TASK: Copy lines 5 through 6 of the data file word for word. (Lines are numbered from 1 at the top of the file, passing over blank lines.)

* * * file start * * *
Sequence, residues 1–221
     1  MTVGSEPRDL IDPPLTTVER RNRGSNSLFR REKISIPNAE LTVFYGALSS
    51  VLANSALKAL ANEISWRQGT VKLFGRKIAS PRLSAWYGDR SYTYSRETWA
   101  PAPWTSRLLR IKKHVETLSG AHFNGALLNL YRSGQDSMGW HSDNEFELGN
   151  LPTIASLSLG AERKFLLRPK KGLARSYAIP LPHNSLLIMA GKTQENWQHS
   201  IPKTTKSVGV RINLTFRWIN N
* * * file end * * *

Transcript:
   151  LPTIASLSLG AERKFLLRPK KGLARSYAIP LPHNSLLIMA GKTQENWQHS
   201  IPKTTKSVGV RINLTFRWIN N